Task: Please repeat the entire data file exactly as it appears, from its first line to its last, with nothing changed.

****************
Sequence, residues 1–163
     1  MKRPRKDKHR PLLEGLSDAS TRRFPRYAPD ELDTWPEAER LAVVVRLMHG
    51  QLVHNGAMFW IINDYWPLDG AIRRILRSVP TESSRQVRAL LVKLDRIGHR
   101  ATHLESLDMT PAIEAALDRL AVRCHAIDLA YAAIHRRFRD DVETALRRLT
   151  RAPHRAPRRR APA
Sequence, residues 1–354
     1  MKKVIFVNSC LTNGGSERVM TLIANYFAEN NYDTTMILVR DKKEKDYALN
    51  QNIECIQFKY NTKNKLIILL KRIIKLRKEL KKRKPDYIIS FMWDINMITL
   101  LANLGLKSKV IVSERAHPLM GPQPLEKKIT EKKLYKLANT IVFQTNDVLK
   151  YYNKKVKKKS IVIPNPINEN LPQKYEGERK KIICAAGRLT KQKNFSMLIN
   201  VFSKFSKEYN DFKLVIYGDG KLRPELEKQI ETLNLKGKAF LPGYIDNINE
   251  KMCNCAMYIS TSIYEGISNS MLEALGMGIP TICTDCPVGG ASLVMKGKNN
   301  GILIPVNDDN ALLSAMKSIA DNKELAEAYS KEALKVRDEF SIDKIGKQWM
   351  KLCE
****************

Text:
Sequence, residues 1–163
     1  MKRPRKDKHR PLLEGLSDAS TRRFPRYAPD ELDTWPEAER LAVVVRLMHG
    51  QLVHNGAMFW IINDYWPLDG AIRRILRSVP TESSRQVRAL LVKLDRIGHR
   101  ATHLESLDMT PAIEAALDRL AVRCHAIDLA YAAIHRRFRD DVETALRRLT
   151  RAPHRAPRRR APA
Sequence, residues 1–354
     1  MKKVIFVNSC LTNGGSERVM TLIANYFAEN NYDTTMILVR DKKEKDYALN
    51  QNIECIQFKY NTKNKLIILL KRIIKLRKEL KKRKPDYIIS FMWDINMITL
   101  LANLGLKSKV IVSERAHPLM GPQPLEKKIT EKKLYKLANT IVFQTNDVLK
   151  YYNKKVKKKS IVIPNPINEN LPQKYEGERK KIICAAGRLT KQKNFSMLIN
   201  VFSKFSKEYN DFKLVIYGDG KLRPELEKQI ETLNLKGKAF LPGYIDNINE
   251  KMCNCAMYIS TSIYEGISNS MLEALGMGIP TICTDCPVGG ASLVMKGKNN
   301  GILIPVNDDN ALLSAMKSIA DNKELAEAYS KEALKVRDEF SIDKIGKQWM
   351  KLCE